Bumper Stickers, T-shirts, and Mean Tweets

It comes as no surprise to me, but Donald Trump has once again gone too far with nasty tweets, this time about the co-hosts of Morning Joe. His comments, which would have earned a third grader a week of detention, went far beneath the dignity of the office of President of the United States. To say I am disturbed and disgusted would be an understatement.

What disturbs me more is that Trump’s staff defended him.

A number of politicians have called him to task for his comments, but Trump will not likely face any consequence of note.

Whatever happened to the return to civility that was promised just two weeks ago after the shooting of people practicing for an upcoming baseball game among Congressmen? It lasted about a day before both sides were once again sniping at each other.

The bigger question is where did all this meanness come from? It’s been around for a long time. (Just ask any woman who survived 8th grade, and she will tell you all about the mean girl culture at her school. I remember it, and I was in the 8th grade way back in the 1960s.)

A few years ago, I was sitting in my car at a stoplight downtown in our very conservative, Republican town. I had just pasted an “Obama-Biden” bumper sticker on my car. Someone behind me honked. I looked in the rear view mirror, expecting to see a negative look or impolite gesture. To my surprise and delight, I saw a good friend giving me the thumbs up sign. We have laughed about that from time to time. It’s hard to live in a community whose politics don’t match your own. You have to laugh about it now and again.

For years, people have worn their politics, religion, and world outlook on their cars and  T-shirts. While some of the slogans they display are cute or inane, they often point to a latent meanness; the printed words often relay things the wearer or driver might not say to your face, but the sentiment is hard to miss.

On an evening walk through my neighborhood one day, I passed a pickup with a tailgate full of hateful, chilling slogans that announced the owner carried weapons and would not hesitate to use them at the slightest provocation. I shivered as I walked by. I cannot bring myself to repeat those slogans here.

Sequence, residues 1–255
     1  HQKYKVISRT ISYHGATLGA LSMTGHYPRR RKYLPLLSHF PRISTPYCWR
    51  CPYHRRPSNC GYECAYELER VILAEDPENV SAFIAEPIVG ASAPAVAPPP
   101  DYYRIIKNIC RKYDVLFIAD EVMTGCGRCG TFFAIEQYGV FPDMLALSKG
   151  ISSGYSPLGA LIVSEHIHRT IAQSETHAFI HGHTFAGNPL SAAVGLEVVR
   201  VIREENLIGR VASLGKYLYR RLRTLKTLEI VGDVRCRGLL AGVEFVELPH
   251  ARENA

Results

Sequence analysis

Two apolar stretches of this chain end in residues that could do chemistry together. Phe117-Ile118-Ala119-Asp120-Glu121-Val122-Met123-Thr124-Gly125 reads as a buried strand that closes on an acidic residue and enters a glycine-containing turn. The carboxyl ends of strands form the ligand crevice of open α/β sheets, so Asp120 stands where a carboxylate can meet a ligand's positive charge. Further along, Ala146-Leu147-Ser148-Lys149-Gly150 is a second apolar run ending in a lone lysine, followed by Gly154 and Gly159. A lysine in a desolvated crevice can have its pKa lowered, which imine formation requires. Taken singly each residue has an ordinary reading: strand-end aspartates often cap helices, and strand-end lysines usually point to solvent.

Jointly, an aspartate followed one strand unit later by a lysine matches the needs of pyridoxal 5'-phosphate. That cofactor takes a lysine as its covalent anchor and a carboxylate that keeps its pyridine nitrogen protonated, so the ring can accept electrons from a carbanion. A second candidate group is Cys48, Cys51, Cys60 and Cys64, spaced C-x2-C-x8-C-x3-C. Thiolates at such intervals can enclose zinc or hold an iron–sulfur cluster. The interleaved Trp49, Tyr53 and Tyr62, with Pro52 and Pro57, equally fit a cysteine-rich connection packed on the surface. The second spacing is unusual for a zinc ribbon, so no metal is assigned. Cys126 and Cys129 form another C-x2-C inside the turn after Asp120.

Conservatives are not alone in their meanness. Progressives and liberals say their share of things that are none too nice.

Bullying and incivility have always been with us. It seems more prominent in this age of social media and instant news. I wish I knew how to make it go away. I want people to be nice to each other.

In His Sermon on the Mount, Jesus tells us to “do to others what you would have them do to you…” (Matthew 7:12)  We would do well to remember and act upon His instruction. It would solve a lot of the world’s problems.

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What Did Jesus Say?

Now and then I will see a  Facebook post by a modern-day Pharisee who claims “Jesus said this,” or “Jesus said that”, without including the Scripture reference. I’ve been a student of the Bible for forty years, but my response is often, “Really? I don’t remember Him saying that.”

I’ll search the Gospels for the reference. Sometimes the quotation has been cherry-picked out of context, sometimes misquoted. Other times, the quote is just plain revisionist scripture.

These occasions led me to want to better educate myself about what Jesus actually said. Thinking a red-letter edition of the Bible would be helpful, I looked through the several translations and editions we had at home. I found no suitable Bible to use. The only red-letter edition on hand was a small, King James gift Bible I had received as a child. The print was way too small for my 67-year-old eyes. Besides, King James language, although poetic and beautiful, can no longer be considered the vernacular. I needed something I could read and understand.

I went Bible shopping. I was overwhelmed by the wide range of choices, none of which was within my budget. There were large tomes with large print and space for taking notes, small Bibles with too-small print, myriad translations, even a few with the words of Jesus in red.

I also found something called journaling Bibles. These are intended for those who do art work in their Bibles in response to Scripture. Margins are ample, paper is sturdy; some even include drawings to be colored. (I consulted Pinterest. Apparently Bible journaling is quite a fad. It is telling that I found a greater variety of these in the craft store than in the book store, artfully displayed next to specialty “Bible journaling markers” and lettering templates. Someone is making a green killing on these.)

I threw up my hands in frustration and did not buy a new Bible that day. Instead, I bought a pink Bible highlighter–the kind that is erasable and will not bleed through thin paper. I would make my own red-letter edition.

The plan? Using my favorite study Bible, I would read the Gospels as an Advent discipline. As I read, I would highlight Jesus’ words with pink. I am not the most consistent, disciplined student. I have made progress, but Advent was over months ago. Here it is June, and I’ve reached the 16th chapter of Luke. That speaks to my humanness, I suppose.

Not having a deadline to finish has its advantages. I’ve been able to go at my own pace, thinking about what I read. Reading the Christmas story right after Easter gave me a new perspective. I read it not as a routine ritual, but as something to consider in relation to the Resurrection.

The highlighter has also slowed me down. I have focused on Jesus’ words. Even His shortest utterances have a power I had not before realized.

I’m glad I undertook this red-letter project. It continues to teach me much.

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